Jack Kemp
By "abandoning" Afghanistan after the Soviet defeat there, the West permitted the infestation of the country by al-Qaeda terrorists and the rise of Osama bin Laden's puppet government, the Taliban. The lesson we learned from that unhappy episode is, don't make the same mistake twice. That said, exactly what were our mistakes, and what precisely will it mean for the West to "stand by" a post-Taliban Afghanistan? One mistake is clear: We pulled out of Afghanistan without imposing civil order and disabling the criminal elements that kept the country in violent turmoil. We failed to break the back of the criminal gangs led by thuggish warlords who are temporarily for sale to the highest bidder, whose sole objective was, and remains, to plunder the country and grow, harvest and sell poppies, Afghanistan's only real cash crop. By failing to restore order, we left post-Soviet Afghanistan a land without hope, a people without vision. As the famous African-American leader Marcus Garvey observed, "Without commerce and industry a people perish economically." Afghanistan was left with neither hope nor commerce. It perished spiritually and was devoured by a wicked gang of theocrats calling itself the Taliban who hijacked Islam and sold Afghanistan to terrorists. The war against terrorism in Afghanistan will not end until the warlords are broken and their gangs dispersed, disarmed and sent home or put in jail. The peace will not be won until the interim government under the very able leadership of Interim Chairman Hamid Karzai can operate on its own. We should give the warlords a choice: Break connections with Iran and other foreign powers, disband your armies and cooperate with the new government at the regional level, or you and your foreign sponsors will face the same fate as the Taliban. What to do beyond restoring order? At one end of the spectrum, Doug Bandow of the libertarian Cato Institute contends our only vital stake in Afghanistan is to end the Taliban's support of the al-Qaeda terrorist network. Beyond that, he says, America has "no stake in attempting to construct a new regime in Kabul," which he labels a "fool's errand." Sen. Joe Biden, on the other hand, argues for ambitious "nation building," and financial aid sufficient to change the economic and social climate in the region and establish democratic and capitalist institutions. The term "nation building" has been tossed around a lot recently, and when it is thrown around at international confabs, it usually means lots of Western financial aid to pay Afghani civil servants in a strong new central government and to pay foreign companies to build "infrastructure." The World Bank, for example, estimates costs of $10 billion over the next five years to build schools, hospitals, sewers and roads. Karzai has requested $15 billion over 10 years. During a conference held in Tokyo recently, countries pledged a total of $4.5 billion in assistance over the next five years. USAID Director Andrew Natsios is keenly aware of his responsibility to make sure the approximately $300 million approved by the Bush administration for Afghan aid is wisely spent on "quick-impact" health, education and agricultural projects. If nation building is the snare and delusion of social engineers as Bandow suggests -- and up to a point, I think he has a point -- and if we can't afford to walk away from Afghanistan again -- which we can't -- what is to be done? Here is a list of things we can do more in the line of "democracy nurturing" that we know work. Establish a free-trade zone among the United States, the European Union and Afghanistan with zero tariffs or at least low tariffs on agricultural products and textiles, which currently average 17 percent or three times the tariff on manufactured products. Assist Afghanistan, as we did Japan and Germany, to create a functioning administration and to create incentives for economic growth. Help Afghanistan's modern founding fathers create a "federalist" system of government that will accommodate the country's great diversity within a coherent structural framework. Help Afghanistan design a pro-growth tax system as President Vladimir Putin did in Russia with rates no greater than 10 percent. Assist Afghanistan to create a sound and stable currency the way Alexander Hamilton did at our founding. Working with western banks, we should help capitalize a private national bank of Afghanistan that would either dollarize the economy or back a new Afghan currency with dollars or euros. Opium is not only the sole cash crop of Afghanistan, it is also a currency the way tobacco was in Colonial America. According to Maureen Orth of Vanity Fair, purchasing the poppy crop to be harvested this March would cost $100 million. We should do it and also provide the farmers who sell it the seeds to plant food next year, with the proviso that another poppy crop will not be tolerated. Assist Afghanistan to create private property rights by distributing parcels of land as Abraham Lincoln did with homesteading to people who agree to settle and farm the land, and give the new landowners the mineral rights as well as the surface rights.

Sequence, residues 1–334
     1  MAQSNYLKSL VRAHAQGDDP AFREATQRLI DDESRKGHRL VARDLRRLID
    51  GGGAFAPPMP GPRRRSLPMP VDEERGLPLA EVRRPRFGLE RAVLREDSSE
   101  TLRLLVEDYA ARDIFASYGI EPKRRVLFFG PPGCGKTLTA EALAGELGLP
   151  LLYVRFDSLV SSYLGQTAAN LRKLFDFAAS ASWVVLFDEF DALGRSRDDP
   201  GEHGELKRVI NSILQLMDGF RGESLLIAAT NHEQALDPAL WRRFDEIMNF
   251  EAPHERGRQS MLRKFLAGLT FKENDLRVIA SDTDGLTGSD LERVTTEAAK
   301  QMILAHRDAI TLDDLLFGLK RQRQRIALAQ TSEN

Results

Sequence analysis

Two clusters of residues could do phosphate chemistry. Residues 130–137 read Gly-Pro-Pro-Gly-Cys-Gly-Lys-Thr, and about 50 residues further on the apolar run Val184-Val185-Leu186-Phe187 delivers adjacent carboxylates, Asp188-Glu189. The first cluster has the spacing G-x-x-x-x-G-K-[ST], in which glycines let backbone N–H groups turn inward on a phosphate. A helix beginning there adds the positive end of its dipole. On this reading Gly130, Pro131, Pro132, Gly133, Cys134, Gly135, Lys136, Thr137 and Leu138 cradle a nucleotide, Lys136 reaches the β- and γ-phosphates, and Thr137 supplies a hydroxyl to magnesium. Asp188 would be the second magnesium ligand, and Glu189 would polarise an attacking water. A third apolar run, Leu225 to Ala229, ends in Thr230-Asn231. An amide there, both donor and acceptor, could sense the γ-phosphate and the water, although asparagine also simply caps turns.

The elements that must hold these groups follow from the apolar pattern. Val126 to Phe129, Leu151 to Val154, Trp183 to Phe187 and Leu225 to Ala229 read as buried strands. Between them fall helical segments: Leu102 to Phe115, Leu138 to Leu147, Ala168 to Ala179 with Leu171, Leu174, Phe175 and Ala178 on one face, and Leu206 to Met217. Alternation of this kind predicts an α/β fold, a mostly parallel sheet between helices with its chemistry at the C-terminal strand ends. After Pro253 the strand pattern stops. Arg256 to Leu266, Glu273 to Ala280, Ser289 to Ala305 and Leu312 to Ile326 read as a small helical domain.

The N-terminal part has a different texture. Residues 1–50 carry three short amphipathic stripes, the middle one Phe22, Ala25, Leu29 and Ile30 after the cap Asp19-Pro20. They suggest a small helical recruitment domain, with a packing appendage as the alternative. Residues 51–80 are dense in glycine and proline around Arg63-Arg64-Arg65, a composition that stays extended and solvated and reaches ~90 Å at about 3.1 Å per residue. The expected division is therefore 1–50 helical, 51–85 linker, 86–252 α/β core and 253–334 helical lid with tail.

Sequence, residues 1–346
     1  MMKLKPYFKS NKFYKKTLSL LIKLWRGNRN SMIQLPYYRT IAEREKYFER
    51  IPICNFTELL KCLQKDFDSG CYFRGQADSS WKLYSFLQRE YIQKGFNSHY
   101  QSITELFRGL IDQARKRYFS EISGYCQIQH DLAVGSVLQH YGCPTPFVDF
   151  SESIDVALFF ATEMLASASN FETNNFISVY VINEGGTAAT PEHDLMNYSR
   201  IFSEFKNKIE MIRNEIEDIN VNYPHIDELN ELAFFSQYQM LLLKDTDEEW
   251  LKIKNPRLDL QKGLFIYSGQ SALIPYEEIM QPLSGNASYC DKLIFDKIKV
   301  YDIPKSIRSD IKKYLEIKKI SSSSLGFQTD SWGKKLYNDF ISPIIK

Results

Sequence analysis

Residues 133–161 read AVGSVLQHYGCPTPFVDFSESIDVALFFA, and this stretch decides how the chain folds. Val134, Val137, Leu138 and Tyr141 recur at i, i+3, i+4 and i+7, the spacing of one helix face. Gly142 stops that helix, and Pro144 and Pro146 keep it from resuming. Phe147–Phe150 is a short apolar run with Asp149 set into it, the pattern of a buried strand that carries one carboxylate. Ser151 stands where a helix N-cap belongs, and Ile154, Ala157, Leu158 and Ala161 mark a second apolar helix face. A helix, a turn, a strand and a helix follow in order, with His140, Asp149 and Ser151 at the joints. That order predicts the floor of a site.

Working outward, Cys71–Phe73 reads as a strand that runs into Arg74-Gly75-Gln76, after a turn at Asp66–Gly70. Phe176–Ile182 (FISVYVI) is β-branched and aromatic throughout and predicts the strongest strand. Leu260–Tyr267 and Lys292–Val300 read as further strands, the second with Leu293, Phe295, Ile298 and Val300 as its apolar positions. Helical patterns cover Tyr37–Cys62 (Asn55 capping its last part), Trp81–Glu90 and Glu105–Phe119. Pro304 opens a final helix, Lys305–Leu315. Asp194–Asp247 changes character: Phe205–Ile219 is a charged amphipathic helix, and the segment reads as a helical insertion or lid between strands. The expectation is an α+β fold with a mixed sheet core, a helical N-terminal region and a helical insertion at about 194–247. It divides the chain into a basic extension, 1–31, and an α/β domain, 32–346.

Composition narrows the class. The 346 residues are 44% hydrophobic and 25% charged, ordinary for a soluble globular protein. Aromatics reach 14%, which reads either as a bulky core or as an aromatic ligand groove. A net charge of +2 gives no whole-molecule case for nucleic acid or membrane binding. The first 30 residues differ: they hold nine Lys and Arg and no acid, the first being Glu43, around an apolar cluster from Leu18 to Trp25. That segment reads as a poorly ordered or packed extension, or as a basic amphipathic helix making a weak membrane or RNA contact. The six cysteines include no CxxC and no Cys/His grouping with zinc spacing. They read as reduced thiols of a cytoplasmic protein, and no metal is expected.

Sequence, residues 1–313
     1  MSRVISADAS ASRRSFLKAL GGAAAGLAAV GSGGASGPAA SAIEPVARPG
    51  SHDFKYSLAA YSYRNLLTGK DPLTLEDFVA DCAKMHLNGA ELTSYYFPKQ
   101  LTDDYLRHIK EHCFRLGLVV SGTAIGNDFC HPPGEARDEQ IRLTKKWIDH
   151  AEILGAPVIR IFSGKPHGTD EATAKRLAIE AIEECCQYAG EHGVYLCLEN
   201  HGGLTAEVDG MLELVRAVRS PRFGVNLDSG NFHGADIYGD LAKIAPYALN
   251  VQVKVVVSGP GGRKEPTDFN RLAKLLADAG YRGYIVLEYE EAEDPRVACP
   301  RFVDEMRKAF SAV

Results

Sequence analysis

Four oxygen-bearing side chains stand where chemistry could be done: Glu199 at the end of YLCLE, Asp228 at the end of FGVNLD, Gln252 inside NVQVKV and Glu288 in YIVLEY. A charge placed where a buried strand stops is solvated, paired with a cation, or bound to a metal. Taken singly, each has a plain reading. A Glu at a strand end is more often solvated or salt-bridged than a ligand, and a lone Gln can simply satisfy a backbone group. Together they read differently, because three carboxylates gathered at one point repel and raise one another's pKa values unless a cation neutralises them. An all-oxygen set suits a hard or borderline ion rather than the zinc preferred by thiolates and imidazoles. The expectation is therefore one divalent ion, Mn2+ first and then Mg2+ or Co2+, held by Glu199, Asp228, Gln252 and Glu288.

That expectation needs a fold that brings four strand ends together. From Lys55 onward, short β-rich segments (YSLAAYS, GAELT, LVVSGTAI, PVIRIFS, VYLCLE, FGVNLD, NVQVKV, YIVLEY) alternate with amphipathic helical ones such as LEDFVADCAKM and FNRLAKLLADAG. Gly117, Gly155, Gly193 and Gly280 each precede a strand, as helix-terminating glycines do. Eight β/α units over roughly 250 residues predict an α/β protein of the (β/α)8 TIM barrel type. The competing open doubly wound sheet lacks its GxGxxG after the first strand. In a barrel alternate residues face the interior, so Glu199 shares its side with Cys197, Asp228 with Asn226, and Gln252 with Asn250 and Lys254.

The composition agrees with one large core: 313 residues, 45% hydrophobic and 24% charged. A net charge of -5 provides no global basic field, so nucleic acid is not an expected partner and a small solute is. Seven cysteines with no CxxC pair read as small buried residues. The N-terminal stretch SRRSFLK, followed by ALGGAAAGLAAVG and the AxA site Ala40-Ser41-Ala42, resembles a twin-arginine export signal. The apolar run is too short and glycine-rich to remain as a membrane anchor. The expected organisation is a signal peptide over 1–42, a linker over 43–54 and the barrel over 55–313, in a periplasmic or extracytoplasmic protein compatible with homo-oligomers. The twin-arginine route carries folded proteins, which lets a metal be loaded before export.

Jack Kemp

Jack Kemp is Founder and Chairman of Kemp Partners and a contributing columnist to Townhall.com.
 
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